Nicholas Horton, professor of statistics at Amherst College, has research interests in missing data methods and statistical education and has co-authored more than 150 papers and a series of books on statistical computing. He is an ASA fellow and chair of the Statistical Education Section.

Describe the introductory statistics course(s) you teach

We teach several flavors of introductory statistics: One is a general course with no prerequisite, while the second has a calculus prerequisite for those with more extensive quantitative background. We see an increasing number of students who’ve completed AP Statistics in high school and have adapted our intermediate statistics course (regression and design) to allow them to dive in as early as their first semester. All courses incorporate computation early and often, feature the use of modeling as a way to make sense of data, and introduce aspects of multivariate thinking.

What do you see as your biggest challenge as an instructor of an introductory statistics course?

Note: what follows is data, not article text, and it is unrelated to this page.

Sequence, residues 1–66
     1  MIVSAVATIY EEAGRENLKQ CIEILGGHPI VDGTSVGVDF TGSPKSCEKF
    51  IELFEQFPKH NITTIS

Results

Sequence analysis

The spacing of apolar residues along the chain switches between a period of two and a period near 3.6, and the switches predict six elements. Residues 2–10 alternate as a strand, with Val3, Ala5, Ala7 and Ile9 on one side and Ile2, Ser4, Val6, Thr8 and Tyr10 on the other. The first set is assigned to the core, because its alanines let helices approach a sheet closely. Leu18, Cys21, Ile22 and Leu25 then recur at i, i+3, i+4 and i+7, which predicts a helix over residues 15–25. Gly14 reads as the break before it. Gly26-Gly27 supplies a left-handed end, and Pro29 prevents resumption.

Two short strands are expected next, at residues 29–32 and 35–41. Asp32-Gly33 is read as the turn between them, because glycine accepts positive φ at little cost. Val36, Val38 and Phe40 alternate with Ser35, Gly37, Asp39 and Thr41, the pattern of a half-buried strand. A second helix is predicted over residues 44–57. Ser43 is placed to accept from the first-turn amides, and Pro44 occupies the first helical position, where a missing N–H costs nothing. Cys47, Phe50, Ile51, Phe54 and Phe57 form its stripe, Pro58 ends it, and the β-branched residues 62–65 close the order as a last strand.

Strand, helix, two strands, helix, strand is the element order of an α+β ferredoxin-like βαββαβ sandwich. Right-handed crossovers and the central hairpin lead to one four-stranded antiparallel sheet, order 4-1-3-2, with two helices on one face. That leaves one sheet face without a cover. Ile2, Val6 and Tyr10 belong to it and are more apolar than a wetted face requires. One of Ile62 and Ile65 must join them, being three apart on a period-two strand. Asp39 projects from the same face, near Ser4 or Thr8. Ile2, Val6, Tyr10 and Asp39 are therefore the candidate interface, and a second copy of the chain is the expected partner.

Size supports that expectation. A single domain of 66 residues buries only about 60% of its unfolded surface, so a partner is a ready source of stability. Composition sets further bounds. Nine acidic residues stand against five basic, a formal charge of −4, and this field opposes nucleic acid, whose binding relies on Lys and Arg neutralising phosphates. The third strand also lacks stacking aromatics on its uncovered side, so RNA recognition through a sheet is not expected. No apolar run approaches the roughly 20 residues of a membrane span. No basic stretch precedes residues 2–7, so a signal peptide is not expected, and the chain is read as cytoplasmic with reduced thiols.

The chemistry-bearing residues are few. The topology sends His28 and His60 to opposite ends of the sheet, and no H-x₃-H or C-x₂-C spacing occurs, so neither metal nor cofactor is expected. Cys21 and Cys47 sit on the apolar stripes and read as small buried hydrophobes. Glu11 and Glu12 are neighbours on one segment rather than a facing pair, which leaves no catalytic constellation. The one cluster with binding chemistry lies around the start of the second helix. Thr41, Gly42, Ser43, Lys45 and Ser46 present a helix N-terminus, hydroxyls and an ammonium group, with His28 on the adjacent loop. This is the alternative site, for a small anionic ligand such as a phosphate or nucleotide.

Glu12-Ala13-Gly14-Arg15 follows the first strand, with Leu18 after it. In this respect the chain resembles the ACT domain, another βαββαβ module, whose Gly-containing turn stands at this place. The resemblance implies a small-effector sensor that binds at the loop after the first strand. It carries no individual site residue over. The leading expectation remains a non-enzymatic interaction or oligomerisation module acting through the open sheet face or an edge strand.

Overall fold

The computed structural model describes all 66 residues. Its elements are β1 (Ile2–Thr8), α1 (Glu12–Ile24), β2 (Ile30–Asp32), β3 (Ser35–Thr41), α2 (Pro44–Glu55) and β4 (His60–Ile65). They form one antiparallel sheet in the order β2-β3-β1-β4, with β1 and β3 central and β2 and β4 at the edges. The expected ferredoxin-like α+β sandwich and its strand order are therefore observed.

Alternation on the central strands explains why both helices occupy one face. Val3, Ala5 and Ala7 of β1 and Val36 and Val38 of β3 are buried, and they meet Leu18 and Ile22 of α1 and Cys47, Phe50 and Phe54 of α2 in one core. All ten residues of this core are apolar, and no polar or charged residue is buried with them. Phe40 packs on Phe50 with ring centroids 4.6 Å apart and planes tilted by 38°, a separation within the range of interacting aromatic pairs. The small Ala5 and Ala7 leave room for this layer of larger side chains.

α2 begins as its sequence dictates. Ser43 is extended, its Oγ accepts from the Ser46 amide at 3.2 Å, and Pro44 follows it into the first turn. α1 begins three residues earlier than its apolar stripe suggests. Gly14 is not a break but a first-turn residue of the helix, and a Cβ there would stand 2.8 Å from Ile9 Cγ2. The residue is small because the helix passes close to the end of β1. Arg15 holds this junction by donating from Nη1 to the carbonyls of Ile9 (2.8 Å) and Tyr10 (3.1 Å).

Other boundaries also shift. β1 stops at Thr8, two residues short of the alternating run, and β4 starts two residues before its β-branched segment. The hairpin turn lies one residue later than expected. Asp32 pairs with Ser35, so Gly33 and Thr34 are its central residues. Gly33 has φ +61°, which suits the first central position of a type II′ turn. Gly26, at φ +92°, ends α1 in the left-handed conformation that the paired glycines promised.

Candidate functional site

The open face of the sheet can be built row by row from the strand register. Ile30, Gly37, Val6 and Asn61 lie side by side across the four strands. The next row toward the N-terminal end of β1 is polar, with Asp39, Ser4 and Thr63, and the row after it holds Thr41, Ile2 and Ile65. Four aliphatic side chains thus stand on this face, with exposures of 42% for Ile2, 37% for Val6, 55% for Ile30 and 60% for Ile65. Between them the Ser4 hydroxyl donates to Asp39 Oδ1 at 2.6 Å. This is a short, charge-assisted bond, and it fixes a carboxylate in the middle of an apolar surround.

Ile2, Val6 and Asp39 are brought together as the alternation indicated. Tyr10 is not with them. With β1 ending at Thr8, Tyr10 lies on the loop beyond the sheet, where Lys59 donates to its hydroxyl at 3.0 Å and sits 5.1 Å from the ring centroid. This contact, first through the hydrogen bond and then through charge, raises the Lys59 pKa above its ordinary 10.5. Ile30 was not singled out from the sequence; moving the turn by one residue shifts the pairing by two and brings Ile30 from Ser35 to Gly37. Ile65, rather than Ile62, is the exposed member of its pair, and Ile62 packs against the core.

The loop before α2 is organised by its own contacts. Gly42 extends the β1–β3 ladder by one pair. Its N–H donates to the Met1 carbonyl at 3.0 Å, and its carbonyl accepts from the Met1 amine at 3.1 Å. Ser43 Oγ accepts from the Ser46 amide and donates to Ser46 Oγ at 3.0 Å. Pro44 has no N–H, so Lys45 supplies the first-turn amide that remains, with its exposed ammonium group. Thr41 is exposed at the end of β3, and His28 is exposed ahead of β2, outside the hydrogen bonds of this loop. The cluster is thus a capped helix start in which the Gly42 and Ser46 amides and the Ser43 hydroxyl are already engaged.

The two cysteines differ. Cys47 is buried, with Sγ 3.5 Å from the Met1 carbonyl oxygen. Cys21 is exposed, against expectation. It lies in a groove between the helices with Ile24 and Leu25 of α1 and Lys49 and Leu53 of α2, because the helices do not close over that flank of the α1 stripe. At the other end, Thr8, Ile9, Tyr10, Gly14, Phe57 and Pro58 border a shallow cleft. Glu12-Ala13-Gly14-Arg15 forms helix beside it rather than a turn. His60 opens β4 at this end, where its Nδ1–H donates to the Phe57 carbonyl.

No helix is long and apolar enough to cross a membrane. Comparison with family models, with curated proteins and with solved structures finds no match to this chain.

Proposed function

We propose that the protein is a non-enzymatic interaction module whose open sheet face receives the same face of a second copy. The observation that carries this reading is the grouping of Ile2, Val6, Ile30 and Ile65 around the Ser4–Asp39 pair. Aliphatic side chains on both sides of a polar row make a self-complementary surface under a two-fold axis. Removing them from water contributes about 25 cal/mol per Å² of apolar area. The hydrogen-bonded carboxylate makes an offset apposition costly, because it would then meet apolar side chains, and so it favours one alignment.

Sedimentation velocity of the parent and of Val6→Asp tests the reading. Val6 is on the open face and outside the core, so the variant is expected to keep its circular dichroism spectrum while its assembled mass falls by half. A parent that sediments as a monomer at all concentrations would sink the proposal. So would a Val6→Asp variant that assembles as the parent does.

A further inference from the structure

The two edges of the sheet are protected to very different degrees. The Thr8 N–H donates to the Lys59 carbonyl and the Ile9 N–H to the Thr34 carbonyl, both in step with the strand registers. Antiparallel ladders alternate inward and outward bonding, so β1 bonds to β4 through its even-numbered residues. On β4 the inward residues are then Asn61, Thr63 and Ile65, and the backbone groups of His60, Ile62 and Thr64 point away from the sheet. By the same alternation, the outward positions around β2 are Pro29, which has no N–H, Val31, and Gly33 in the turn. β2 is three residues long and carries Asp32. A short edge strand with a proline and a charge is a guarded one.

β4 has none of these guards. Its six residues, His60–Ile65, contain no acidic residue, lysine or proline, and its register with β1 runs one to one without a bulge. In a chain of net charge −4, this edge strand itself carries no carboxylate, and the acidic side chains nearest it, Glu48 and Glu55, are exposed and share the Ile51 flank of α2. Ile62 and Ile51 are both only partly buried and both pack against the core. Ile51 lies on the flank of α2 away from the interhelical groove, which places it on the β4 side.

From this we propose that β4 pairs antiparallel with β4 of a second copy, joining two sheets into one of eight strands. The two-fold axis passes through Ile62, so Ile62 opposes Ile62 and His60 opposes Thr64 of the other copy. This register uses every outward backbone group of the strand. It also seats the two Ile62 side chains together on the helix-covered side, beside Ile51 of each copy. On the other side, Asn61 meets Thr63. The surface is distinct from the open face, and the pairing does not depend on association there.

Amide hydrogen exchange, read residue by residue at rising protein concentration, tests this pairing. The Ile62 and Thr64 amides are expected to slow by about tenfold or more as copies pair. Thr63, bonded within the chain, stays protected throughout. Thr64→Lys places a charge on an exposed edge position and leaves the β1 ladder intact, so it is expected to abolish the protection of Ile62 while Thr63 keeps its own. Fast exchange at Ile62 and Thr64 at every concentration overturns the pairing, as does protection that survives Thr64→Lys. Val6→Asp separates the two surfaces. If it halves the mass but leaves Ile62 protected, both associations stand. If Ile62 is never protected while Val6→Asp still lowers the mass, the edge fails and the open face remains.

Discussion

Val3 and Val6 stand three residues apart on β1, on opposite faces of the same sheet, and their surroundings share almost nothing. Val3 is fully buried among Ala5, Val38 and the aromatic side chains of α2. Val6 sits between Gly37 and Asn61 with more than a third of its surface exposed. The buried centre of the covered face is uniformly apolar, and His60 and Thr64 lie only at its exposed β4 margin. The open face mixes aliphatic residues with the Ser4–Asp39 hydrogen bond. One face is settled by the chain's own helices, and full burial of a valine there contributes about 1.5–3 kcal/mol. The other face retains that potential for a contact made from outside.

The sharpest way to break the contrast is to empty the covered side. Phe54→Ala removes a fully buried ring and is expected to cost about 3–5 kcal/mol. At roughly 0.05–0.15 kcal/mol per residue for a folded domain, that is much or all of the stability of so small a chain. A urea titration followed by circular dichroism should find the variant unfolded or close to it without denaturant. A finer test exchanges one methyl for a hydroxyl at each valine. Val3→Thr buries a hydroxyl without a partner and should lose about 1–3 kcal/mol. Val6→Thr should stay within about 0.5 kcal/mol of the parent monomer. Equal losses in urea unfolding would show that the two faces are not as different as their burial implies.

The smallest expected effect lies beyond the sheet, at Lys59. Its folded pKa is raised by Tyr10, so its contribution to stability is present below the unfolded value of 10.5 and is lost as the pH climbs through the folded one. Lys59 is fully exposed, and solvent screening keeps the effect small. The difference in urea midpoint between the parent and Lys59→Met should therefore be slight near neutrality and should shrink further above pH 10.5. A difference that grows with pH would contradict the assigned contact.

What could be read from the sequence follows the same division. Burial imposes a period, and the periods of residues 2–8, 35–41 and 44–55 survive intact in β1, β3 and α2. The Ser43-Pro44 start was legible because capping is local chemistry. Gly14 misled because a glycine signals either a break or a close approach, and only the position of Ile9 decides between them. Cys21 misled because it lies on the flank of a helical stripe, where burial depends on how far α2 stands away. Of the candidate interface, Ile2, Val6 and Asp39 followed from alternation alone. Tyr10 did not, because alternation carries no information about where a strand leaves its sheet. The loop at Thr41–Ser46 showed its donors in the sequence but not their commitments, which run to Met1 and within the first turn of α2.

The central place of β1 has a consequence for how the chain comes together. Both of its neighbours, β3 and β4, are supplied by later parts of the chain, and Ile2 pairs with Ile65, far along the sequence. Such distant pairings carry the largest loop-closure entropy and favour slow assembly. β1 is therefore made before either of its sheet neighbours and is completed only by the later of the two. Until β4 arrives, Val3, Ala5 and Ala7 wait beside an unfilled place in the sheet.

My biggest challenge is to help students see the potential for statistics to help “make decisions in the face of uncertainty” (as ASA President Jessica Utts has so eloquently stated), rather than develop a collection of methods that they apply cookbook fashion.

Students often have trouble seeing the big picture. As an example, we want them to be able to interpret a confidence interval, rather than just mechanically perform a test. This challenge has led us to prune some of the topics that have traditionally been at the core of the intro course (such as probability, derivation of different tests for different situations, and use of tables).